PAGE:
2018-05-17 / Outdoors

‘Megatom’ goes down; more out there

Not in usual haunts
By Alan Campbell
Of The Enterprise staff


GREG KIESSEL and 8-yearold Brady Turner with the unlucky turkey they nicknamed Megatom. GREG KIESSEL and 8-yearold Brady Turner with the unlucky turkey they nicknamed Megatom. Turkey hunters are finding toms in some non-traditional haunts, and some nimrods are connecting.

Just ask Greg Kiessel of Suttons Bay, who took a jake back in the first turkey season then guided his step-grandson to what they nicknamed “megatom” last week.

Another tom caught a lucky break on their first time out.

Eight-year-old Brady Turner had never been hunting before Monday, May 7, the opening day of the nearly month-long final turkey session. Using a double barrel .410 — a caliber light enough for 55-pound Brady but perhaps undersized for a mature tom turkey — Brady pulled the trigger on a bird in Bingham Township.

“He rolled that turkey, then it got up and he rolled it again, then it got up and laughed at us and flew away,” recalled Kiessel.

Both hunter and mentor figured they had better change their weapon of choice. But Brady’s first attempt practicing with a .20 gauge proved a bit overpowering.

TIM STEIN, who had already shot an adult tom, helped Nathan Zientek bag this 22-pound trophy with a 9-1/2-inch beard on April 23 at approximately 7:15 a.m. — just after the bird had flown down from his roost. The two were hunting in Cleveland Township. TIM STEIN, who had already shot an adult tom, helped Nathan Zientek bag this 22-pound trophy with a 9-1/2-inch beard on April 23 at approximately 7:15 a.m. — just after the bird had flown down from his roost. The two were hunting in Cleveland Township. Not to worry, Kiessel told the boy, as he could borrow a “420” that was just a tad larger than the .410 Brady felt comfortable shooting.

Here’s where they had some luck, as they gained permission to hunt on a neighboring farmer’s property while searching for the first tom that Brady had hit.

They also asked another turkey hunter in the area if he would hold off shooting the tom that Brady eventually downed. He agreed.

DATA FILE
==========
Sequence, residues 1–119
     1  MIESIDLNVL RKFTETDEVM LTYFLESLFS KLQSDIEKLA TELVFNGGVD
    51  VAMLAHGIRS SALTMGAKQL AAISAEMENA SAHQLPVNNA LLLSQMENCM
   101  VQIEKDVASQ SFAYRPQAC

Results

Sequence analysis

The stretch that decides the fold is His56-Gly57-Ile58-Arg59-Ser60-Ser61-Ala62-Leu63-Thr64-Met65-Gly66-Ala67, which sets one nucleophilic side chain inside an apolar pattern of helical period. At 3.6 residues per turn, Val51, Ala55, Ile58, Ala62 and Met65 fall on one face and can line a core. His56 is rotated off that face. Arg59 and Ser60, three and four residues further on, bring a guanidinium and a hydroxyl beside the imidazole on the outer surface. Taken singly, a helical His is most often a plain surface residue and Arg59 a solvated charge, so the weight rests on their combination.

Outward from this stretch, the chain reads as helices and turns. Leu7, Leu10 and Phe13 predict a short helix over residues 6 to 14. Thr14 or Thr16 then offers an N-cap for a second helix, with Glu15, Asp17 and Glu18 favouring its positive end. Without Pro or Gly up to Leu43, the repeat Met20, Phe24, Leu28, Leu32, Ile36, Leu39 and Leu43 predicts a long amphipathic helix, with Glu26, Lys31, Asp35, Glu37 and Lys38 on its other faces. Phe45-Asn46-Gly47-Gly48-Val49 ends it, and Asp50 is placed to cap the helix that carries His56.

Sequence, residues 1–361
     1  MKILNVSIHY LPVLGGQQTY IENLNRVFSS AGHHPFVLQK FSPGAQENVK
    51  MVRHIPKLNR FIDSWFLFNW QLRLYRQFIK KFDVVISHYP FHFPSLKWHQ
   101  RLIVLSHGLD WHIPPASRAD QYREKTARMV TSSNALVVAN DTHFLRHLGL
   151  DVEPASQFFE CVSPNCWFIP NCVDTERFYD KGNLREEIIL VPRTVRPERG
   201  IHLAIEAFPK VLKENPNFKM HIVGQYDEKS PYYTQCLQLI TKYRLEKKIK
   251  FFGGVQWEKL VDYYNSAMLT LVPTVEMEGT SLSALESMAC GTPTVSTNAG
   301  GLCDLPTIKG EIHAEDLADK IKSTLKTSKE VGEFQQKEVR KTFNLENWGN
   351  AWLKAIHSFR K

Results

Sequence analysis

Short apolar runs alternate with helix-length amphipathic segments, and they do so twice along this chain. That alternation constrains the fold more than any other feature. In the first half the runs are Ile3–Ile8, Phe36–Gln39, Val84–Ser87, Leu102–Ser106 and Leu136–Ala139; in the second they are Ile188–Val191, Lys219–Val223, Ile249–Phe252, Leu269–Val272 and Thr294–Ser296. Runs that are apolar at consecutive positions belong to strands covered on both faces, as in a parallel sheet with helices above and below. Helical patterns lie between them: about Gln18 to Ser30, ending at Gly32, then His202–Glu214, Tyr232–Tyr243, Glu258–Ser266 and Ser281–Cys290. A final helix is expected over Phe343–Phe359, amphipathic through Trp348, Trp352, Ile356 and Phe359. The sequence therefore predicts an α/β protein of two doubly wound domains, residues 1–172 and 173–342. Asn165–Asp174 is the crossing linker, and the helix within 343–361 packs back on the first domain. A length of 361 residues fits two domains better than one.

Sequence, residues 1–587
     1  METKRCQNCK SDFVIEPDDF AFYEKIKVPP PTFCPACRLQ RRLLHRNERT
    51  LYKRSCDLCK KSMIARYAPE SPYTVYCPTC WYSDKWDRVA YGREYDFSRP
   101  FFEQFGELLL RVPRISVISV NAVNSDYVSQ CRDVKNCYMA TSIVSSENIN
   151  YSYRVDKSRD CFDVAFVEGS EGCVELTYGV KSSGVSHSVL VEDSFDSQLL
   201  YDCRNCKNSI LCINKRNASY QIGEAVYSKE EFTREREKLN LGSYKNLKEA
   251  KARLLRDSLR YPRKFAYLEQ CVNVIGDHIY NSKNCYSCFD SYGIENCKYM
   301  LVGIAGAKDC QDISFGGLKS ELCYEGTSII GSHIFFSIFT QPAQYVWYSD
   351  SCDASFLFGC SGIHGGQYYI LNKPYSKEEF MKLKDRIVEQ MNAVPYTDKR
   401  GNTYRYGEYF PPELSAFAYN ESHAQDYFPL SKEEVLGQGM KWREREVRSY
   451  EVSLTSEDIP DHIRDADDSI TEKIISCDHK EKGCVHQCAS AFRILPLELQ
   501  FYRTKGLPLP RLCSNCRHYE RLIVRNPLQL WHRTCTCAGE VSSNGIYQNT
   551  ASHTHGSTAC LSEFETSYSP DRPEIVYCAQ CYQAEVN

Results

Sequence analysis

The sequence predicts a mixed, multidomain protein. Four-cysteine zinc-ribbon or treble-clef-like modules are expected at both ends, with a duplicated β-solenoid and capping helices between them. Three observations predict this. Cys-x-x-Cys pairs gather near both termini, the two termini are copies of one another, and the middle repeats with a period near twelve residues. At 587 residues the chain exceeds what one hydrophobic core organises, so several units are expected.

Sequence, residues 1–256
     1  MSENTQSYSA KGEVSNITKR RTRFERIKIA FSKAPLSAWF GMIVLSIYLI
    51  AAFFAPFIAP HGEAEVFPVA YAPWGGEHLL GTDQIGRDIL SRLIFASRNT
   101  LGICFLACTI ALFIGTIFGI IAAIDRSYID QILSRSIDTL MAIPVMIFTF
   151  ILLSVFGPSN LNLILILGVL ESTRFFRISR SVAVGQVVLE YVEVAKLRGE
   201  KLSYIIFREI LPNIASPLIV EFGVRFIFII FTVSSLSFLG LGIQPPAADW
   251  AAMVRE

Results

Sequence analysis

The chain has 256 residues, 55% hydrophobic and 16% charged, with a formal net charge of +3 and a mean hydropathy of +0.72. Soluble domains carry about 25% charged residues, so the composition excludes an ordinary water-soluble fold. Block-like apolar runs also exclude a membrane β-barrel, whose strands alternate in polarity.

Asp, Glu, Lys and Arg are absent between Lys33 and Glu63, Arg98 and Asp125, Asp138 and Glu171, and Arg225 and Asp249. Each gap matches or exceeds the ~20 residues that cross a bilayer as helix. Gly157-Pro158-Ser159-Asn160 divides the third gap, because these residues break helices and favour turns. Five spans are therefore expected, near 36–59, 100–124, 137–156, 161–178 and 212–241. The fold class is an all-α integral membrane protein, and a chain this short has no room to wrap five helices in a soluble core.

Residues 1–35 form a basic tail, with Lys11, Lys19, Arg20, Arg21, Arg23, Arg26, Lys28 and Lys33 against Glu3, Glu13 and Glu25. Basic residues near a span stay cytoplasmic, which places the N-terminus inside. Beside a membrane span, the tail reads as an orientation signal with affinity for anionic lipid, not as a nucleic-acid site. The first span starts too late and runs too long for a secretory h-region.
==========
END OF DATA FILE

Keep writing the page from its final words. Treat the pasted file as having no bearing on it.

And some of their eventual success was planning. Kiessel had actually passed on that same tom, choosing instead to take a nearby jake.

Kiessel recorded the hunt on his phone, with Brady’s “Wa-Hoo!” yell clearly audible. He followed with, “That’s crazy.”

“After we got done shooting the bird, I said, ‘You know, there is no 420.’ He looked down at the (lettering) on the gun and said, ‘I know, this is a 20 gauge.’”

Only one pellet was found while dressing out the tom, which weighed 21 pounds and had a nine-inch beard. Brady is the son of Josh and Amber Turner of Elmwood Township. He attends Glen Lake Community Schools, where his mother works.

Kiessel and Brady were hunting on and near the cherry farm owned by Bill and Betty Kiessel and Don and Jan Kiessel. Don Kiessel died with cancer over the winter just as the Kiessel family was awarded the Lifetime Achievement Award from the National Cherry Festival.

The turkey harvest represented a complete comeback for Brady, who one year ago was stuck in a full body cast after surgery to repair a hip socket that had grown at a different rate than his femur.

“He’s going from not being able to do anything to getting a megatom,” Kiessel said. “I think there was divine intervention, that uncle Don was guiding that pellet right to where it had to go.”

As to turkey hunters still hoping to fill licenses, Kiessel suggested looking beyond the usual haunts where toms have been found in the past.

“I’ve been seeing a lot of them, but it’s spotty. I would say you need to scout. Places where I would normally see them, they aren’t there,” he said.

Return to top